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Opinion

The Online Safety Bill still fails to reference women and girls

On safer internet day we acknowledge the misogynistic and racial nature of abuse online, writes Seyi Akiwowo, founder and CEO of Glitch.

During the Covid-19 pandemic we have been increasingly reliant on the internet for work, school and fun. But, while this has been a life-saver for many, it has shown us how desperately legislation is needed across online spaces. 

In 2017, the UK government announced that the Online Safety Bill, aiming to make the online space more secure for users of all ages, would make Britain the “the safest place in the world to be online”.

Five years later, we are still waiting. Meanwhile, online violence against women has got worse and, when passed, the law will not come into force immediately. 

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Glitch and the End Violence Against Women Coalition joint report, the Ripple Effect, surveyed 484 women and non-binary people during the first lockdown about their online experiences. We unearthed how the pandemic is running in parallel with rising levels of online abuse.

While 92 per cent of people said they were using the internet more during the pandemic, 46 per cent reported experiencing online abuse since the beginning of Covid-19. This figure increased to 50 per cent for Black and minoritised women and non-binary people. Of the people who had experienced online abuse in the 12 months preceding the survey, 29 per cent reported it being worse during Covid.

Black and minoritised women and non-binary people were more likely to report suffering increased online abuse during Covid, with 38 per cent saying that the pandemic had led to increased online abuse. 

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Gender was the most often cited reason for online abuse with 48 per cent of people suffering from gender-based abuse and 21 per cent suffering from abuse related to their gender identity and sexual orientation. For this reason, End Violence Against Women and Glitch have launched a petition calling for women and girls to be meaningfully included in the Online Safety Bill.

A recent announcement from the government on strengthening the Online Safety Bill aims to ensure that certain online offences are both dealt with proactively by social media companies and that perpetrators of these actions can be held accountable by law.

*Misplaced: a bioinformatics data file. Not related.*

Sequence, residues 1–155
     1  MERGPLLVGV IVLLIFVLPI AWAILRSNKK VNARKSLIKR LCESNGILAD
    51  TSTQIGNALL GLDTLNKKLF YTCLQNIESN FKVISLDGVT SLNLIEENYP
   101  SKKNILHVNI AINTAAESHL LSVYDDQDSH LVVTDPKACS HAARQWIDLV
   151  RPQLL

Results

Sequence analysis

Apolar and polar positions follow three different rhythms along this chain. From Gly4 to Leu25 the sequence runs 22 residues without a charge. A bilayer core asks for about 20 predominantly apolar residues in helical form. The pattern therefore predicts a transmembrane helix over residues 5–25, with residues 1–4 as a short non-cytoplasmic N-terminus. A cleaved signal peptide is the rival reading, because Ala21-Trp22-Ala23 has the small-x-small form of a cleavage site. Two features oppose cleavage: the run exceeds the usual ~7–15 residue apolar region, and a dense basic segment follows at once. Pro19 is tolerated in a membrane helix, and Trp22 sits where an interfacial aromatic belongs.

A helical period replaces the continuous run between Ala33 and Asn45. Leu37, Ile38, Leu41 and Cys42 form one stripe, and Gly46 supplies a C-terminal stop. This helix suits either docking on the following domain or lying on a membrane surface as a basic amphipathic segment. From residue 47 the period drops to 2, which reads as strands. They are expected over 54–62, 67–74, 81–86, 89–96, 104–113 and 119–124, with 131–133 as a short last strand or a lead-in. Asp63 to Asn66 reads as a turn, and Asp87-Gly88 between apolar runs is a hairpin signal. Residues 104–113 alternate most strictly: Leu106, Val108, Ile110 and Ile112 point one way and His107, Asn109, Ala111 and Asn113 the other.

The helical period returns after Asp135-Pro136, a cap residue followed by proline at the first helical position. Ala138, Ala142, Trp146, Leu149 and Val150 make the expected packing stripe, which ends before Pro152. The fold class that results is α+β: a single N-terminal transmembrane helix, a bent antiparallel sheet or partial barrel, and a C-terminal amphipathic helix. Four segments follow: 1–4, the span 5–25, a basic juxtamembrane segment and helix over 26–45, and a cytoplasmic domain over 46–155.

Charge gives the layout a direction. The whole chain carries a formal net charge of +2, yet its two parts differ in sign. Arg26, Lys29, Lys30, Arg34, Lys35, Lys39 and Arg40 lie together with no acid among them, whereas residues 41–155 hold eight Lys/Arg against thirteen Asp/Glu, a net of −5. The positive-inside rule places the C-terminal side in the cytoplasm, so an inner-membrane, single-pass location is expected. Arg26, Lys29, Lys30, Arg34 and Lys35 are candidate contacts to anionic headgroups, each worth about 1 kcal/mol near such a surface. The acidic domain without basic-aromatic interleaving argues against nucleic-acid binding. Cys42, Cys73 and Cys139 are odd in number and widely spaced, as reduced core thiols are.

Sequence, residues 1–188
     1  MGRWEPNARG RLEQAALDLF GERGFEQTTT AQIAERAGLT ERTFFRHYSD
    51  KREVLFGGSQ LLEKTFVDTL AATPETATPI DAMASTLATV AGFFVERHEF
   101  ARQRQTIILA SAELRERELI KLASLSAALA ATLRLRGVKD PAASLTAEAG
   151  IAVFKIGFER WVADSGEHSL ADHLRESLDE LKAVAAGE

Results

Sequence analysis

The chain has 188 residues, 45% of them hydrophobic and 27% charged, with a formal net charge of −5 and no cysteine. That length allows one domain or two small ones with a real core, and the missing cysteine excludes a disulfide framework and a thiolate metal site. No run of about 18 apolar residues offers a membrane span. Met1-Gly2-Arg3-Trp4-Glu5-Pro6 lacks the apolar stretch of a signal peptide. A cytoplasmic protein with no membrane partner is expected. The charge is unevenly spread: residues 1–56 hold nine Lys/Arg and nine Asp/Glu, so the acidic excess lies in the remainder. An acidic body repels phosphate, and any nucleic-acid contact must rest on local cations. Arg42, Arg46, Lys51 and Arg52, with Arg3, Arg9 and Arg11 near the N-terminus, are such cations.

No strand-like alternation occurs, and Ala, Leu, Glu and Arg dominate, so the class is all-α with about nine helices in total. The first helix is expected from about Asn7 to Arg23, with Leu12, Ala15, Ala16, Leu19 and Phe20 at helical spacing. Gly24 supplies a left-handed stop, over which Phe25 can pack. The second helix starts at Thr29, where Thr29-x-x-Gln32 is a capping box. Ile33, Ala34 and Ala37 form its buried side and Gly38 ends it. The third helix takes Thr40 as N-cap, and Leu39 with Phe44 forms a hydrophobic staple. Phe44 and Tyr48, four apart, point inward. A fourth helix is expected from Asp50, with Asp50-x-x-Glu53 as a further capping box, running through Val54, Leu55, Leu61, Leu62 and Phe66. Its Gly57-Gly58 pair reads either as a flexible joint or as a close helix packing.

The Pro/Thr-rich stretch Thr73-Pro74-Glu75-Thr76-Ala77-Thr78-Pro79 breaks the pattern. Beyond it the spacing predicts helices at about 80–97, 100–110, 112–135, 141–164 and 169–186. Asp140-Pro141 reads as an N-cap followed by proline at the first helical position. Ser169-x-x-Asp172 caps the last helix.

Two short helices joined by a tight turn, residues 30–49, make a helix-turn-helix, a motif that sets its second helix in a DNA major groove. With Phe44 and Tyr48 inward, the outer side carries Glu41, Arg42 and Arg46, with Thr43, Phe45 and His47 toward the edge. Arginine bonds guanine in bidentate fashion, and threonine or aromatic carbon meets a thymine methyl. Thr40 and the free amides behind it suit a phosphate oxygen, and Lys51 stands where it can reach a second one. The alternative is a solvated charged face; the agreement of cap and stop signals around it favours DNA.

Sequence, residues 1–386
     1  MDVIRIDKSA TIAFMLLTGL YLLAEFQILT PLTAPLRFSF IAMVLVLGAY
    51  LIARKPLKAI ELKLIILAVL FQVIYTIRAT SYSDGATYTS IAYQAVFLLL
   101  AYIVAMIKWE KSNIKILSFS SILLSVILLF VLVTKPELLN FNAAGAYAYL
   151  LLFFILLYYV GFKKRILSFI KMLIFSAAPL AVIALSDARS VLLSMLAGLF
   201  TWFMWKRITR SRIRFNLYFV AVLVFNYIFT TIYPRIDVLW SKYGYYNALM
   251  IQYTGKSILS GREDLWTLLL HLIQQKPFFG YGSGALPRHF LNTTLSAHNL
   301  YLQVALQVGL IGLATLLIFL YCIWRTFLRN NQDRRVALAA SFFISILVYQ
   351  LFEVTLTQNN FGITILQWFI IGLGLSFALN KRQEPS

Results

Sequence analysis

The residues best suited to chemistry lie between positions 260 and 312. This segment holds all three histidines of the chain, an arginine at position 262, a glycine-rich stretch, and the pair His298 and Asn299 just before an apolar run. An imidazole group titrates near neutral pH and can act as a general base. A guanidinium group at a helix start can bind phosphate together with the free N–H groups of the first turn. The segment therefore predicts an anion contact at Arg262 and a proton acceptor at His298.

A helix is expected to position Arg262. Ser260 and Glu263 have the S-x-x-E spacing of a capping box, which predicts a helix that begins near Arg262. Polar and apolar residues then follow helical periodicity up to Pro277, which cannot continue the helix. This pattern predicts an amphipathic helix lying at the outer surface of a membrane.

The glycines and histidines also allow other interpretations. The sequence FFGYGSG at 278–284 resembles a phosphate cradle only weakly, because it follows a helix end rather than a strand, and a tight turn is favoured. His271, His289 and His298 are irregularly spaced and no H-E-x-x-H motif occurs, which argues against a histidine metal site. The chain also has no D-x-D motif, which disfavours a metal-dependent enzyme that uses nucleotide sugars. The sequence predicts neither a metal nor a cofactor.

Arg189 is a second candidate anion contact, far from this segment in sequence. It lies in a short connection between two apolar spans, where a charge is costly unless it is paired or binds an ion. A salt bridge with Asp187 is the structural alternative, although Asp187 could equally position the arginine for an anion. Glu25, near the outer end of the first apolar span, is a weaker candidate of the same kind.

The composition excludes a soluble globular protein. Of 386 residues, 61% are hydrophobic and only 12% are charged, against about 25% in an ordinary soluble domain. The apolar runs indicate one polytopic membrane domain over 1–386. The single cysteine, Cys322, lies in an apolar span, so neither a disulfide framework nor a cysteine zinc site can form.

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The government has included a new list of criminal offences, for example, to better protect survivors of domestic abuse and explicitly including so-called ‘revenge porn.’ But these announcements do not include women and girls in the way our petition lays out.

Women and girls are far more likely than men to experience online abuse, but the government is leaving women and girls out of the new law designed to make us all safer online.

What we are calling for is much broader than a list of new offences, which can never be an exhaustive list of online harms against women and girls, as online behaviour and emerging technologies continue to change very quickly.

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Most of the abuse took place on mainstream social media platforms like Twitter, Facebook and Instagram, despite tech companies’ commitments to making their platforms safe. Yet 83 per cent of the people who reported online abuse during Covid felt their complaint(s) had not been properly addressed by social media platforms. This proportion increased to 94 per cent for Black and minoritised women and non-binary people.

Tech companies, including social media giants, have had relatively free rein when it comes to deciding how to deal with online abuse on their platforms. New regulations should change that. And the UK is not the only country looking at implementing them. The EU, Australia, Canada and the United States are all making big legal changes when it comes to how tech companies can operate to keep users safe.

But, all legislation that imposes regulations on technology has to consider how it can be futureproofed. And how it could cope in regulating new apps, behaviours and devices that have not yet been conceived of. Which takes us on to gaming and the Metaverse.

Despite concerns about the safety of users on social media platforms that already have billions of users, tech giants are looking to the future to create the Metaverse. While not exclusively linked to Meta, formerly known as Facebook, the name change suggests the company’s intentions to lead the way in this new frontier.

Yet there are concerns that systemic issues on safety in social media and the gaming industry have not been adequately addressed. Now, misogynistic abuse is rife, alongside other abhorrent discrimination such as racism, transphobia, homophobia and ableism, and there are valid concerns that they will be mirrored in these new endeavours. 

It is no surprise then that despite limited information about what the Metaverse might look like, there are fears it will become a #MeTooVerse for women and girls unless serious measures are taken to prevent this.

Seyi Akiwowo is the founder and CEO of charity Glitch. @seyiakiwowo

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